The Death Of The Surge
Less than two weeks after it was announced, President Bush’s so-called surge plan for Iraq is in serious trouble. Yesterday, Virginia Senator John Warner, a Republican who has long been pro-defense, came out against the plan:
Sen. John W. Warner (R-Va.), the former chairman of the Senate Armed Services Committee, yesterday endorsed a new resolution opposing President Bush’s buildup of troops in Baghdad, as even some of the most loyal Republicans scrambled to register their concerns and distance themselves from an unpopular policy.
The resolution, unveiled the day before the president’s State of the Union address, is expected to garner the support of many Senate Republicans — especially those facing reelection next year. The measure appeals to many rank-and-file Republicans because it allows them to voice their differences with the administration without embracing the highly critical language of another bipartisan resolution co-sponsored by Sen. Chuck Hagel (R-Neb.), one of the sharpest critics of the administration’s Iraq policy.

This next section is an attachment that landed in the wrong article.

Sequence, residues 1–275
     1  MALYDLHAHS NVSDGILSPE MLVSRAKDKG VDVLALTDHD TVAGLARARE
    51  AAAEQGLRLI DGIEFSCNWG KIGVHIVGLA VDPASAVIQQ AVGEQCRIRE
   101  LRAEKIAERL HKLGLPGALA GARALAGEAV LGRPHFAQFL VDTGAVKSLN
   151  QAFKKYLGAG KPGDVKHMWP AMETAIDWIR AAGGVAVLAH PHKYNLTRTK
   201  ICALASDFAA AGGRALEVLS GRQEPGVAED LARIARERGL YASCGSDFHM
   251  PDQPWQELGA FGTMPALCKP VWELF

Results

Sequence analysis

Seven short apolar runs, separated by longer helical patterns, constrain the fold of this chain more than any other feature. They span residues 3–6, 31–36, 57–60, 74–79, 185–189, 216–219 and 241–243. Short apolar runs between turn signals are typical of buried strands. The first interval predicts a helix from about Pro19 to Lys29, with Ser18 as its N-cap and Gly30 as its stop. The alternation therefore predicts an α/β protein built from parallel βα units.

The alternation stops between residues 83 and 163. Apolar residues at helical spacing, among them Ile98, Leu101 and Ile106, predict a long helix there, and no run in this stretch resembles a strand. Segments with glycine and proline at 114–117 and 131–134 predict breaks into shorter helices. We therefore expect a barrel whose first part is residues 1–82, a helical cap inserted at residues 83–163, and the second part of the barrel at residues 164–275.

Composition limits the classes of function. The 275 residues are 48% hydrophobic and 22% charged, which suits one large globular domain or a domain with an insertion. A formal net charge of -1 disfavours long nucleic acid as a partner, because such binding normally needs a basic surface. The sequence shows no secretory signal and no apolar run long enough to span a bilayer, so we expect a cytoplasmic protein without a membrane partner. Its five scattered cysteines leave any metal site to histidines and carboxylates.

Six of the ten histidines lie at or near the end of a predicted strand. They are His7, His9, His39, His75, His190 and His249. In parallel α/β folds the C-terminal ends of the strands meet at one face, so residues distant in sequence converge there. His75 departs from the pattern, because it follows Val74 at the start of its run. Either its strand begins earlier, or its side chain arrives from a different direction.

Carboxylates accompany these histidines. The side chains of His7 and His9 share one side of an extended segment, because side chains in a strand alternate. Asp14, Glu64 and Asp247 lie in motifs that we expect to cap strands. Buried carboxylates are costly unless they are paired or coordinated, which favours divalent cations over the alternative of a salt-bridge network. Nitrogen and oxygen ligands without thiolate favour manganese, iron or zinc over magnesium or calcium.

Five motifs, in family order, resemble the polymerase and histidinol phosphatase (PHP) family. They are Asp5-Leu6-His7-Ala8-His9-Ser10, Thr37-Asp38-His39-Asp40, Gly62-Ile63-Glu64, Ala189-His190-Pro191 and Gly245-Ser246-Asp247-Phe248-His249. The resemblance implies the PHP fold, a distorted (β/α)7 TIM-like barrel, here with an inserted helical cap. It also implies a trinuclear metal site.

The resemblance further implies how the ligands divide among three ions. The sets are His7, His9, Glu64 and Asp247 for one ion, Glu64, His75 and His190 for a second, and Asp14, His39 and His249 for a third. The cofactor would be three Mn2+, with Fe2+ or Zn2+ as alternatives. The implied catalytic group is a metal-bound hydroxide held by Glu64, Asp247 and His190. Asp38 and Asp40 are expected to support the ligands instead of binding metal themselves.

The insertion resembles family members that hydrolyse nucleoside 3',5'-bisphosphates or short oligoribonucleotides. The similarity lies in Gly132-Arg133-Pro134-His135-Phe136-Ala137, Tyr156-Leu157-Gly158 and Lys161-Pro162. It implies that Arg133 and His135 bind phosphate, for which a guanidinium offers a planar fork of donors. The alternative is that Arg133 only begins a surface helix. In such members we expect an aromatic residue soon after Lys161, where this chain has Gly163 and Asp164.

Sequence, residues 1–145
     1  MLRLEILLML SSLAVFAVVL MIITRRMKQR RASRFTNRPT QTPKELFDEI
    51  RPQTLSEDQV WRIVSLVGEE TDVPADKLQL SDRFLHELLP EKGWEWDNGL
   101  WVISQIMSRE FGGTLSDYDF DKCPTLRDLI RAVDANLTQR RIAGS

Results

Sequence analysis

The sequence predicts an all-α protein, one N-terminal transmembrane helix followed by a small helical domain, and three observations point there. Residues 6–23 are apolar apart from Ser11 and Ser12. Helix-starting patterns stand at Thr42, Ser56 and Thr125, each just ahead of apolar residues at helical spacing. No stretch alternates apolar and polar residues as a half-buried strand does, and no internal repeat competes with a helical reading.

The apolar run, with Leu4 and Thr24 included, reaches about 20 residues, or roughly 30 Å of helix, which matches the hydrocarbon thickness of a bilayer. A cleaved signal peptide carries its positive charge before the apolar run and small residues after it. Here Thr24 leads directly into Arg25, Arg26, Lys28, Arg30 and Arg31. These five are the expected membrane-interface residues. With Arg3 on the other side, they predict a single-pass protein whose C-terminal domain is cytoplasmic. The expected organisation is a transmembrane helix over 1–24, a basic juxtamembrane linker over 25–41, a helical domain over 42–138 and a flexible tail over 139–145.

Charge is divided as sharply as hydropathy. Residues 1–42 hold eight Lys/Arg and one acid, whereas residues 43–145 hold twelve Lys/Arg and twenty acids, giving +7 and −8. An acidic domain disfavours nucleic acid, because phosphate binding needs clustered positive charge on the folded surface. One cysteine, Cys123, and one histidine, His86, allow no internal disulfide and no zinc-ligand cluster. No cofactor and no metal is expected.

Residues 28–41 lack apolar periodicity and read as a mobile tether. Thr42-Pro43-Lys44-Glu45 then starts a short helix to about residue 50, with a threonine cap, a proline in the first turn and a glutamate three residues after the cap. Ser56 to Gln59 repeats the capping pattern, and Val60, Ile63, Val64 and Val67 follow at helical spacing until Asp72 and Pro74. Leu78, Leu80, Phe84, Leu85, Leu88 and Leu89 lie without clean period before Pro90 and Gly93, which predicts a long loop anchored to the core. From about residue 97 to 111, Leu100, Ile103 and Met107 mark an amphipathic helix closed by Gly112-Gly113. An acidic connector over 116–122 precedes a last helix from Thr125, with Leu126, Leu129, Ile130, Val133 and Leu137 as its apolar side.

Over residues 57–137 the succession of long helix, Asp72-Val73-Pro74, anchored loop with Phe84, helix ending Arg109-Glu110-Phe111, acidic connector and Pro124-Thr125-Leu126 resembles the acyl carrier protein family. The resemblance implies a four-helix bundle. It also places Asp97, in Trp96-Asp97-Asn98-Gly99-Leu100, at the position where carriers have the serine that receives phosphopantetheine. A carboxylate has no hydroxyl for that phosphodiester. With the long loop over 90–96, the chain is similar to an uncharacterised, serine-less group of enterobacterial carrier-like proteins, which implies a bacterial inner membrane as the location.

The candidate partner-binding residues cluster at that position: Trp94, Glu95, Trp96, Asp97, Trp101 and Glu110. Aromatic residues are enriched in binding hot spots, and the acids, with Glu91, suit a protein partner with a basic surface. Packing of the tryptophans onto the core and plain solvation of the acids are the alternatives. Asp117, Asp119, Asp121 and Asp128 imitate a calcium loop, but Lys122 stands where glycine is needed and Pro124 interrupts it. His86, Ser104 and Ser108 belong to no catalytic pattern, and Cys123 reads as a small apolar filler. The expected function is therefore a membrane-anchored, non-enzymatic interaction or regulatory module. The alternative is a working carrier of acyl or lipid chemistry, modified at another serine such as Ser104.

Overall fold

By last night, Warner had already met with Senate Majority Leader Harry Reid (D-Nev.), and the two camps were negotiating a single resolution likely to be approved by the Senate Foreign Relations Committee on Wednesday
The impact of the loss of Warner’s support cannot be understated. Not only has Warner long been strong on defense, he is a Korean War veteran and former Secretary of the Navy under President Nixon. Losing his support is a bigger deal than, say, losing the support of a liberal Republican like Olympia Snowe. It’s a sign that the Bush plan is in big trouble.